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The Battalion

The Student News Site of Texas A&M University - College Station

The Battalion

The Student News Site of Texas A&M University - College Station

The Battalion

Texas A&M University System Chancellor John Sharp attends the Class of 1972 50-year reunion in Kyle Field on April 20, 2022.
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Texas A&M pitcher Evan Aschenbeck (53) reacts after throwing the final strike out during Texas A&M’s game against Mississippi State on Saturday, March 23, 2024, at Olsen Field. (Chris Swann/ The Battalion)
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Kennedy White, 19, sits for a portrait in the sweats she wore the night of her alleged assault inside the Y.M.C.A building that holds Texas A&M’s Title IX offices in College Station, Texas on Feb. 16, 2024 (Ishika Samant/The Battalion).
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April 25, 2024
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Farewell from the graduating Battalion staff of 2024
Farewell from the graduating Battalion staff of 2024
The BattalionMay 4, 2024

Analysis: Hold your thoughts and prayers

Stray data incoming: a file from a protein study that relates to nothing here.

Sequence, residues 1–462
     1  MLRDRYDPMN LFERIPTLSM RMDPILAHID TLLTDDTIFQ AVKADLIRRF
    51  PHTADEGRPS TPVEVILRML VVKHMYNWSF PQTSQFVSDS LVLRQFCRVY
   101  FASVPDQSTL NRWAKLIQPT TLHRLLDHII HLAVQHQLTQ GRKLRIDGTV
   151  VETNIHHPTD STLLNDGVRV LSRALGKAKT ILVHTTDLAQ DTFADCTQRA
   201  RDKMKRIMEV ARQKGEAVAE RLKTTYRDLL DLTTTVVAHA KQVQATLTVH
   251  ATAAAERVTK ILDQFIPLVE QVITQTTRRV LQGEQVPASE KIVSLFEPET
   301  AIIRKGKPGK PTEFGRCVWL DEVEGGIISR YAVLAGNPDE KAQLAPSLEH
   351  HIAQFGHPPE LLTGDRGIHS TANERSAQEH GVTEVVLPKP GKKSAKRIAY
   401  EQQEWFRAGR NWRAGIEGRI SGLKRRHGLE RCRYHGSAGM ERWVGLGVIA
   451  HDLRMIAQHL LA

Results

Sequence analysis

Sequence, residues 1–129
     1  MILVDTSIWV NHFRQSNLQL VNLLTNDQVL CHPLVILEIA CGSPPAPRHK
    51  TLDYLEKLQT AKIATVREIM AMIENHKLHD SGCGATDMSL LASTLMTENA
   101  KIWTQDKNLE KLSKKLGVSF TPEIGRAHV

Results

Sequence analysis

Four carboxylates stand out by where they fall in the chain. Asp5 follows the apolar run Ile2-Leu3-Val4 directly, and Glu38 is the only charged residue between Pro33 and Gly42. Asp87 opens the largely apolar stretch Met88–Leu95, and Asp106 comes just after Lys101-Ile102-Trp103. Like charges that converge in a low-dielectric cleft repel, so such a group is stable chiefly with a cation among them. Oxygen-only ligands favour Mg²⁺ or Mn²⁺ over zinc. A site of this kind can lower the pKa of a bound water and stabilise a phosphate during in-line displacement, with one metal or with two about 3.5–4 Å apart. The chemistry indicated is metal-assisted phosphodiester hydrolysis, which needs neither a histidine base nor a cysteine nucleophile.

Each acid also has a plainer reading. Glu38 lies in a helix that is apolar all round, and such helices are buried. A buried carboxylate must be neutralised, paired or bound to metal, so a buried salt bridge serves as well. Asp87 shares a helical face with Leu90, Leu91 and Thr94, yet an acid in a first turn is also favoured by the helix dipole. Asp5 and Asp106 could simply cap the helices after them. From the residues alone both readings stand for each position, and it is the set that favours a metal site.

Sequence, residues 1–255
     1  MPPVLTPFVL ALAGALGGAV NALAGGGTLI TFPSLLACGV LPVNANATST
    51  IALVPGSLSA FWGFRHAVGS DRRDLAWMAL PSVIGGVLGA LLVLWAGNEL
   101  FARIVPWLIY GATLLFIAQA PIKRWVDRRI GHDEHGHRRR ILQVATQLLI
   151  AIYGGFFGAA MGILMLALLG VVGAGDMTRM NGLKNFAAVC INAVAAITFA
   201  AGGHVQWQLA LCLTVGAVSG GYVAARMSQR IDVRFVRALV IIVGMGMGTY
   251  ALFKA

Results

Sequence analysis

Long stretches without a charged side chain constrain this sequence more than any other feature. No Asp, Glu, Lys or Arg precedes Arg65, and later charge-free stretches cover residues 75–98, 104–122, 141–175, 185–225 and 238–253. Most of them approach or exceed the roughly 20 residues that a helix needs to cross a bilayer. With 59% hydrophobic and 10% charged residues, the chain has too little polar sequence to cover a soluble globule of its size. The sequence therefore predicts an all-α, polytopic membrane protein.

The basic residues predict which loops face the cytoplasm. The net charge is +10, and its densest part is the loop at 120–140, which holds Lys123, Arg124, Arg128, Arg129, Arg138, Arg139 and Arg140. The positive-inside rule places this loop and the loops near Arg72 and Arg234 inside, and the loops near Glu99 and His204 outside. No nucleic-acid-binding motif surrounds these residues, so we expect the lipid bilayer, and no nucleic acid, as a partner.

Photo courtesy by Fibonacci Blue

Guest contributor Nathan Varnell argues with the lack of progression around gun violence in recent years, political leaders need to take action to prevent future school shootings.

“It could have been worse.”

Gov. Greg Abbott had the gall to utter these words at his May 25 press conference in Uvalde, a day following the murder of 19 children and two brave teachers. It was the second deadliest school shooting in American history. If not for law enforcement, he reasoned, the massacre could have been far worse.

Law enforcement did not stop the Uvalde shooter from taking those childrens’ lives.

The night of May 24, Sgt. Erick Estrada of the Texas Department of Public Safety, or DPS, told CNN news anchor Anderson Cooper, law enforcement had, in fact, exchanged gunfire with the shooter. Nonetheless, the assailant managed to enter Robb Elementary and carried out his killing spree for an entire hour before a tactical unit from the Border Patrol shot him several times, killing him, according to Steven McCraw, the director of the DPS.

Where were the police, who Republicans are quick to claim will defend schools from attackers? Cowering outside? Listening to children scream instead of pursuing the killer?

As articulated by Ben Wexler on Twitter, the cops at Abbott’s press conference removed former congressman and Gubernatorial Candidate Beto O’Rourke from the auditorium — where he confronted the governor’s inaction on gun violence — about 100 times faster than the police stopped the shooter.

If supposedly trained police officers could not prevent the killing spree, with ample opportunity to do so, it is doubtful arming educators would have any greater effect other than making shootings even more likely, especially in the wake of increased classroom violence between teachers and students.